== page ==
Day 12: He Restores Vision

John 9:

1 And as Jesus passed by, he saw a man which was blind from his birth.

2 And his disciples asked him, saying, Master, who did sin, this man, or his parents, that he was born blind?
3 Jesus answered, Neither hath this man sinned, nor his parents: but that the works of God should be made manifest in him.
4 I must work the works of him that sent me, while it is day: the night cometh, when no man can work.
5 As long as I am in the world, I am the light of the world.
6 When he had thus spoken, he spat on the ground, and made clay of the spittle, and he anointed the eyes of the blind man with the clay,
7 And said unto him, Go, wash in the pool of Siloam, (which is by interpretation, Sent.) He went his way therefore, and washed, and came seeing.

39 ¶ And Jesus said, For judgment I am come into this world, that they which see not might see; and that they which see might be made blind.

When I went blind in my right eye 8 years ago, stories about Jesus healing the blind really began to resonate with me.  I understood the fear and the yearning that comes with this particular impairment.  One of the wonderful things I learned from this trial  is how much more I appreciate Spiritual vision and alertness.  Having a loss like this and feeling a great need to turn to the Lord for help brought so much depth and fulfillment to my life that I didn’t even realize I had been missing.  As much as I would love to have my full vision restored to me, I would not trade it for the Spiritual sight I gained!

Though many may never struggle with the trial of losing physical vision, I think we all from time to time lose our spiritual vision.  It is so important for us to be doing the primary things to seek a personal relationship with the Lord so that He can keep our vision healthy and clear.  It is so important that we spend regular time seeking increased learning and growth.  Through these efforts He can teach us and guide us even when we sometimes walk in the dark.

Song:

Open the Eyes of My Heart

Talk:

For I Was Blind but Now I See

http://www.lds.org/general-conference/1999/04/for-i-was-blind-but-now-i-see?lang=eng

Thought by Mathias Held:

“In addition to our rational minds, another dimension to gaining knowledge can give us guidance and understanding. It is the still and soft voice of His Holy Spirit speaking to our hearts and also to our minds.
I like to compare this principle with our visual capacity. Our Father in Heaven has given us not only one but two physical eyes. We can see adequately with only one eye, but the second eye provides us with another perspective. When both perspectives are put together in our brains, they produce a three-dimensional image of our surroundings.
Likewise, we have been given two sources of information, through our physical and spiritual capacities. Our mind produces one perception through our physical senses and through our reasoning. But through the gift of the Holy Ghost, the Father has also provided us with a second perspective, which is really the most important and true one because it comes directly from Him. But since the whisperings of the Spirit are often so subtle, many people are not consciously aware of that additional source.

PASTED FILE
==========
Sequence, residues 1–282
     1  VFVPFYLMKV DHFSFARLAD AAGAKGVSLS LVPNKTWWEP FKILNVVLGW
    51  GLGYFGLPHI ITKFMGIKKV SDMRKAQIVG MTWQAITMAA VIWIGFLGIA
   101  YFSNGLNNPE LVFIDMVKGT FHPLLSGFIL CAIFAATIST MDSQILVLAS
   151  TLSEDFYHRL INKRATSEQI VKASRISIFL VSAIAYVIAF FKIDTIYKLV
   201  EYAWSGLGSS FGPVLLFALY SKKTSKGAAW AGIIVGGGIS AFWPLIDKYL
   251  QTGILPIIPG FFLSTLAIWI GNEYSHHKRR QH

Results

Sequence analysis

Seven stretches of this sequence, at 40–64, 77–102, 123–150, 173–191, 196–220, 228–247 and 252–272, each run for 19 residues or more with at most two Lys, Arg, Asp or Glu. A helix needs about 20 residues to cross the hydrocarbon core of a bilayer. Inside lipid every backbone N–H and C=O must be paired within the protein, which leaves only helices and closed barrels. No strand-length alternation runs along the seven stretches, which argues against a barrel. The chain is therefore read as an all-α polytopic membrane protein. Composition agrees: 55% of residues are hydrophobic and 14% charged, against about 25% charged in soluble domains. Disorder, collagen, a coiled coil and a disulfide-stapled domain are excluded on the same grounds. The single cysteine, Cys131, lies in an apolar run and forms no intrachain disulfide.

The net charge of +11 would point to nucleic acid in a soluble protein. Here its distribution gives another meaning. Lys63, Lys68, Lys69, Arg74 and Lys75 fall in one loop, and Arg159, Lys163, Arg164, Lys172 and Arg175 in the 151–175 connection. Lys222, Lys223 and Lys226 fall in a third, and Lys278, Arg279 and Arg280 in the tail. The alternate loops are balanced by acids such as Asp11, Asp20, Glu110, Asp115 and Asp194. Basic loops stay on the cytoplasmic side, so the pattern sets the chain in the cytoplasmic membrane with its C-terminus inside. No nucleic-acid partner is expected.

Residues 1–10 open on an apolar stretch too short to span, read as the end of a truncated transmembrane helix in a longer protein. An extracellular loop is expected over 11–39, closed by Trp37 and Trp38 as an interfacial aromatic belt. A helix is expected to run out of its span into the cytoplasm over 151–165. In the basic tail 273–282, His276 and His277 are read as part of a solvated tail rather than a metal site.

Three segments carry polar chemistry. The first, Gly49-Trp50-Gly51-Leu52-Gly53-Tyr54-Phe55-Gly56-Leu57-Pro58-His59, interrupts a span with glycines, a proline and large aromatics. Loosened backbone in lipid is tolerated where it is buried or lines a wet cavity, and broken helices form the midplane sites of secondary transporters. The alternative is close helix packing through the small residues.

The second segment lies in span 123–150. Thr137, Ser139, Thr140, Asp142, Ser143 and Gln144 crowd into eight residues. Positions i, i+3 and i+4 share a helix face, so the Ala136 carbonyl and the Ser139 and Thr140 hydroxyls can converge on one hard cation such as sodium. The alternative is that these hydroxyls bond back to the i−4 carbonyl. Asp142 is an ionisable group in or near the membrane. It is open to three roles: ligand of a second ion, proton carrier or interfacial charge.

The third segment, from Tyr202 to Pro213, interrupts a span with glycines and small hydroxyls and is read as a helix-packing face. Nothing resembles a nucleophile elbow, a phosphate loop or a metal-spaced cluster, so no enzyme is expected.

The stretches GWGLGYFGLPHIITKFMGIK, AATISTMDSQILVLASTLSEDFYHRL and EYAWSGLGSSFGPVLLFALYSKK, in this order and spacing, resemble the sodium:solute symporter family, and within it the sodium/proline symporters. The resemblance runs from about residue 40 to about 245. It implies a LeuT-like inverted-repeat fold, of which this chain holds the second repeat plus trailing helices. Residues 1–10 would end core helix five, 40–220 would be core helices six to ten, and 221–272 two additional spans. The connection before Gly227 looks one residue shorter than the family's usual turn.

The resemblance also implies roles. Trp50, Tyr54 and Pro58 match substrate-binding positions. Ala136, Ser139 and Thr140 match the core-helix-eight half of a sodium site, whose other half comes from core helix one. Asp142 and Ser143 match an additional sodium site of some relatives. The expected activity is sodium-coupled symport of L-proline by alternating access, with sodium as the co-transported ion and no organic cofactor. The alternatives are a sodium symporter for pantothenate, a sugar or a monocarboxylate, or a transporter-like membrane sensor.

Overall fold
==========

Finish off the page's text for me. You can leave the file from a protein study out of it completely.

When these two perspectives are then combined in our souls, one complete picture shows the reality of things as they truly are. In fact, through the additional perspective of the Holy Ghost, certain “realities,” as pictured exclusively through our mental understanding, can be exposed as deceiving or plainly wrong. Remember the words of Moroni: “By the power of the Holy Ghost ye may know the truth of all things.”
In my 31 years as a member of the Church, I have experienced many times that if we rely only on our rational mind and deny or neglect the spiritual understanding we can receive through the whisperings and impressions of the Holy Ghost, it is as if we were going through life with only one eye. But figurately speaking, we have actually been given two eyes. Only the combination of both views can give us the true and complete picture of all truths and of everything we experience in our lives, as well as of the whole and profound understanding of our identity and purpose as children of a living Heavenly Father.

Soul Searching Question:

How can you choose to see the Savior’s hand more clearly in your life?  Where can you increase your investment of time or energy to help your vision become more clear?

Day 11: Go and Do Likewise

Luke 10:

25 ¶ And, behold, a certain lawyer stood up, and tempted him, saying, Master, what shall I do to inherit eternal life?
26 He said unto him, What is written in the law? how readest thou?
27 And he answering said, Thou shalt love the Lord thy God with all thy heart, and with all thy soul, and with all thy strength, and with all thy mind; and thy neighbour as thyself.